What this means in reality is that an aircraft can be gradually banking and the pilot doesn’t notice, especially when flying through fog. Their vestibular system thinks they’re still level. Without a warning system, “you may with [a] high degree of confidence actually have controlled flight into terrain, courtesy of spatial disorientation,” he says. “And it appears this was exactly what happened in this unfortunate case.”

A graphic showing the route that Kobe Bryant's helicopter took before it crashed.
This graphic, provided by the NTSB, shows the helicopter’s final left turn and descent into the ground. Google Earth / NTSB / Bill English

Some pilots experience a related phenomenon called the “leans.” Imagine a pilot is in a gradual, constant left turn, but doesn’t realize it, and the inner ear’s “liquid is not moving,” Stepanek explains. Suddenly, the pilot notices that they are banked when they look at the instruments, and moves the aircraft back to level flight. The inner ear’s sensor is then “stimulated, and stimulated in the opposite direction, and will give the pilot the perception that they are not level, but they are actually banking to the right.” The aircraft’s instrument correctly tells the pilot the plane is level, but the inner ear tells them incorrectly that they’re banked too much, and the pilot may physically lean to the left, or turn to the left, to feel normal in their body. Those mixed messages last about 20 seconds.

Richard Anderson, a professor of aerospace engineering at Embry-Riddle Aeronautical University, also points out that when an airplane is in a coordinated turn—it is banking and turning at the same time, as it should—the way the forces line up give the pilot and passengers the feeling that gravity is pulling them straight down through the floor of the plane, although the aircraft is tilted. “This is why, when an airliner is in a turn, if you have a water cup on your table, the level of the water doesn’t shift to be with the horizon—it stays level with the airplane—even though the airplane is no longer level,” Anderson says.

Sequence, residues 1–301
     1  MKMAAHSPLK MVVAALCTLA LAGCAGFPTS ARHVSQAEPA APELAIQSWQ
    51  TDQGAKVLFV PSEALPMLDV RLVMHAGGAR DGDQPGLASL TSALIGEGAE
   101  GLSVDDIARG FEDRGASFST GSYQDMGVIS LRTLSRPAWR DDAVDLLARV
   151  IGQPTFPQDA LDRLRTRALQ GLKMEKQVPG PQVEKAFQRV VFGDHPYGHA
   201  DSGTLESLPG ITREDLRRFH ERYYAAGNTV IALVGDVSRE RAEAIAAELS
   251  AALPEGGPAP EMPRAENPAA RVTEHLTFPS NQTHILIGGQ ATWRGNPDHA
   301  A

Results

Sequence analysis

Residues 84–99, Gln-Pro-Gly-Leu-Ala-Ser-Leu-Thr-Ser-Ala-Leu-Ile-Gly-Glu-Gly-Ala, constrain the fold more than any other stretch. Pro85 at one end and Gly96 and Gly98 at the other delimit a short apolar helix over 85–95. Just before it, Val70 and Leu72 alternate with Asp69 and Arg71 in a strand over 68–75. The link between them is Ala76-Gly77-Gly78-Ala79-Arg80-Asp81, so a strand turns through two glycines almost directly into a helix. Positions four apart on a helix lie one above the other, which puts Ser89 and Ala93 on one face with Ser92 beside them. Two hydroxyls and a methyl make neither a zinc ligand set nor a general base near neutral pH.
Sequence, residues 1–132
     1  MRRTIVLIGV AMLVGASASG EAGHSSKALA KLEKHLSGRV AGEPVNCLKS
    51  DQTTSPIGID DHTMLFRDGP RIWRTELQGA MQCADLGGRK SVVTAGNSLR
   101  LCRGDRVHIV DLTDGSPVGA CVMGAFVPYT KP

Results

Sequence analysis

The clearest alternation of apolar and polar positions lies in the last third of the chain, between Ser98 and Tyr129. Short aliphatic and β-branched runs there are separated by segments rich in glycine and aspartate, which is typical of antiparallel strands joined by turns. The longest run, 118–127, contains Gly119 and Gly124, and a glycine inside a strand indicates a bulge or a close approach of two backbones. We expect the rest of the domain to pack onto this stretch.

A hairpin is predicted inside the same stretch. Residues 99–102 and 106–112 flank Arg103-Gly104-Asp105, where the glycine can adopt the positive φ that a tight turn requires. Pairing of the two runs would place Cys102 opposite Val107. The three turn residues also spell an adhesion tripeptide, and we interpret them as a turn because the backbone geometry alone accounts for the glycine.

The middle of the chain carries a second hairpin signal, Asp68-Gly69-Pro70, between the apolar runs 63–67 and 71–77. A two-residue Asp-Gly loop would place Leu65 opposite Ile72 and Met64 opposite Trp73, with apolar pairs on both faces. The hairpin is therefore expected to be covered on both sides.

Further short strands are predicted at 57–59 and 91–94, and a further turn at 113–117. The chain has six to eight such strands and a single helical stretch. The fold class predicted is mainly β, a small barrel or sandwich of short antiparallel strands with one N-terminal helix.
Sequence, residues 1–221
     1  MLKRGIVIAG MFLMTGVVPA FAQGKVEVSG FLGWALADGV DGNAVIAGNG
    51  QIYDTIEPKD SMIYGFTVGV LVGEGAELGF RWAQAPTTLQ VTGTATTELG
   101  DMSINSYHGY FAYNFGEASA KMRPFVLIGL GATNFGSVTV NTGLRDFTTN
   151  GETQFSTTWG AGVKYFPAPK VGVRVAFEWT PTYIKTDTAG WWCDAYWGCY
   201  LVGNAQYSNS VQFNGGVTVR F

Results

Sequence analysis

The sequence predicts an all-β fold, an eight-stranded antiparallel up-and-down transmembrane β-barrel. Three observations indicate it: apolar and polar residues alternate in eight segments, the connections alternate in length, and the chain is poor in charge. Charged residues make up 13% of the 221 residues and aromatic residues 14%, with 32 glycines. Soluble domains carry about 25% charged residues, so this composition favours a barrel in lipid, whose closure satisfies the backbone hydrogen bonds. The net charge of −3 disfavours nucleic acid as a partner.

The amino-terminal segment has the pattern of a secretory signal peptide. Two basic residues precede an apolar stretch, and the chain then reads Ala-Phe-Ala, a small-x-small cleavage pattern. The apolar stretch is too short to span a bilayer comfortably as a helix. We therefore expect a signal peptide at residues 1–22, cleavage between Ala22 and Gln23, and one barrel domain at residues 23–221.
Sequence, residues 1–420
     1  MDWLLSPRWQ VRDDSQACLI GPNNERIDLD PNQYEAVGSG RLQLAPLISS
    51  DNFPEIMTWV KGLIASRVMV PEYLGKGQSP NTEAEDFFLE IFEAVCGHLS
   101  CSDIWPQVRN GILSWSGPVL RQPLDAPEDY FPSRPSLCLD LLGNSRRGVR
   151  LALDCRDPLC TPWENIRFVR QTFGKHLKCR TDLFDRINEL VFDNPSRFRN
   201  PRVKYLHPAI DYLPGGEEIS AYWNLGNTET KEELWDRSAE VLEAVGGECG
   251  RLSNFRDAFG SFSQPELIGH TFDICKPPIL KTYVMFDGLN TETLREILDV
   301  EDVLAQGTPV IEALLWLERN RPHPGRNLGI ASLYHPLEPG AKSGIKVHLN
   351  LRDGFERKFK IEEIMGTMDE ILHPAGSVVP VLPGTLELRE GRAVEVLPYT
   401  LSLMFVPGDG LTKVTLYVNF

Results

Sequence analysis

And it’s hard to prepare a student pilot for what spatial disorientation will feel like, says Brian Dillman, an associate professor of aviation and transportation technology at Purdue University. “I’ve always considered it a victory, when I’ve been in training with a student, and they have experienced spatial disorientation,” he says. The student will frequently say something like, “‘that’s more aggressive than I imagined it to be,’” he reports.

The crash of the Sikorsky 76B helicopter last year involved both the left turn as well as the pilot evidently thinking he was climbing when he was in fact descending. An NTSB presenter, Dr. Dujuan Sevillian, described this latter phenomenon as a “somatogravic illusion.” (The 24-minute mark of this video has more.) “As the helicopter continued its steep descent, the pilot was either not referencing the helicopter’s instruments, or [was] having difficulty interpreting or believing them, due to the compelling vestibular illusions,” Sevillian said, “and he did not successfully recover the helicopter.”

According to the NTSB, 184 deadly aircraft crashes—including 20 deadly helicopter crashes—involved spacial disorientation in the time period between 2010 and 2019.